author = "Henriksen, {Erik J}",
year = "2006",
month = "1",
day = "1",
doi = "10.1016/j.freeradbiomed.2005.04.002",
language = "English (US)",
volume = "40",
pages = "3--12",
journal = "Free Radical Biology and Medicine",
issn = "0891-5849",
publisher = "Elsevier Inc.",
number = "1",

}

TY - JOUR

T1 - Exercise training and the antioxidant α-lipoic acid in the treatment of insulin resistance and type 2 diabetes

AU - Henriksen, Erik J

PY - 2006/1/1

Y1 - 2006/1/1

N2 - One hallmark of the insulin-resistant state of prediabetes and overt type 2 diabetes is an impaired ability of insulin to activate glucose transport in skeletal muscle, due to defects in IRS-1-dependent signaling. An emerging body of evidence indicates that one potential factor in the multifactorial etiology of skeletal muscle insulin resistance is oxidative stress, an imbalance between the cellular exposure to an oxidant stress and the cellular antioxidant defenses. Exposure of skeletal muscle to an oxidant stress leads to impaired insulin signaling and subsequently to reduced glucose transport activity. Numerous studies have demonstrated that treatment of insulin-resistant animals and type 2 diabetic humans with antioxidants, including α-lipoic acid (ALA), is associated with improvements in skeletal muscle glucose transport activity and whole-body glucose tolerance. An additional intervention that is effective in ameliorating the skeletal muscle insulin resistance of prediabetes and type 2 diabetes is endurance exercise training. Recent investigations have demonstrated that the combination of exercise training and antioxidant treatment using ALA in an animal model of obesity-associated insulin resistance provides a unique interactive effect resulting in a greater improvement in insulin action on skeletal muscle glucose transport than either intervention individually. Moreover, this interactive effect of exercise training and ALA is due in part to improvements in IRS-1-dependent insulin signaling. These studies highlight the effectiveness of combining endurance exercise training and antioxidants in beneficially modulating the molecular defects in insulin action observed in insulin-resistant skeletal muscle.

AB - One hallmark of the insulin-resistant state of prediabetes and overt type 2 diabetes is an impaired ability of insulin to activate glucose transport in skeletal muscle, due to defects in IRS-1-dependent signaling. An emerging body of evidence indicates that one potential factor in the multifactorial etiology of skeletal muscle insulin resistance is oxidative stress, an imbalance between the cellular exposure to an oxidant stress and the cellular antioxidant defenses. Exposure of skeletal muscle to an oxidant stress leads to impaired insulin signaling and subsequently to reduced glucose transport activity. Numerous studies have demonstrated that treatment of insulin-resistant animals and type 2 diabetic humans with antioxidants, including α-lipoic acid (ALA), is associated with improvements in skeletal muscle glucose transport activity and whole-body glucose tolerance. An additional intervention that is effective in ameliorating the skeletal muscle insulin resistance of prediabetes and type 2 diabetes is endurance exercise training. Recent investigations have demonstrated that the combination of exercise training and antioxidant treatment using ALA in an animal model of obesity-associated insulin resistance provides a unique interactive effect resulting in a greater improvement in insulin action on skeletal muscle glucose transport than either intervention individually. Moreover, this interactive effect of exercise training and ALA is due in part to improvements in IRS-1-dependent insulin signaling. These studies highlight the effectiveness of combining endurance exercise training and antioxidants in beneficially modulating the molecular defects in insulin action observed in insulin-resistant skeletal muscle.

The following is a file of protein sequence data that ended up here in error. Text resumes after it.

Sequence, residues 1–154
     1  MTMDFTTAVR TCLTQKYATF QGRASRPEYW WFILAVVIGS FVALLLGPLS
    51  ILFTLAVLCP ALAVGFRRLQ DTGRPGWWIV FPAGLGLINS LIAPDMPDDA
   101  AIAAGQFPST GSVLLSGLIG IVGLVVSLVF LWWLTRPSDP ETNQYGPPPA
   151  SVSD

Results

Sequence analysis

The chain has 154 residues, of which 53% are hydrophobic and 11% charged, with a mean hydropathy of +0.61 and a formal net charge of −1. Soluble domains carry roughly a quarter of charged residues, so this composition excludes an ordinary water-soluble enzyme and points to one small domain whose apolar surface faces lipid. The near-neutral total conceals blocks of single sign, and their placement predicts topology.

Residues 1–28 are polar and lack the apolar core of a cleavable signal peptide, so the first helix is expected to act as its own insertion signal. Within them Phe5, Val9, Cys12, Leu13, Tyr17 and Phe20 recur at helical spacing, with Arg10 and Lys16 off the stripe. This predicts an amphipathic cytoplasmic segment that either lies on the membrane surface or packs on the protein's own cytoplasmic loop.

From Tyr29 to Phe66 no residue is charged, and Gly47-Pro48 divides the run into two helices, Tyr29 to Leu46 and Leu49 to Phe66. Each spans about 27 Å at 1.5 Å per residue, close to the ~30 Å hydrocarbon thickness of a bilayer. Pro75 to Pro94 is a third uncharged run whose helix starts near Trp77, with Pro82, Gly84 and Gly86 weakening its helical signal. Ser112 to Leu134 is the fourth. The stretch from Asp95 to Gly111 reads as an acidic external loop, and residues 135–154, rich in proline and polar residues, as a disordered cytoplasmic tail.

KW - Diabetes

KW - Lipoic acid

KW - Obese Zucker rats

KW - Skeletal muscle glucose transport

UR - http://www.scopus.com/inward/record.url?scp=28744434590&partnerID=8YFLogxK

UR - http://www.scopus.com/inward/citedby.url?scp=28744434590&partnerID=8YFLogxK

U2 - 10.1016/j.freeradbiomed.2005.04.002

DO - 10.1016/j.freeradbiomed.2005.04.002

M3 - Article

C2 - 16337874

AN - SCOPUS:28744434590

VL - 40

SP - 3

EP - 12

JO - Free Radical Biology and Medicine

JF - Free Radical Biology and Medicine

SN - 0891-5849

IS - 1

ER -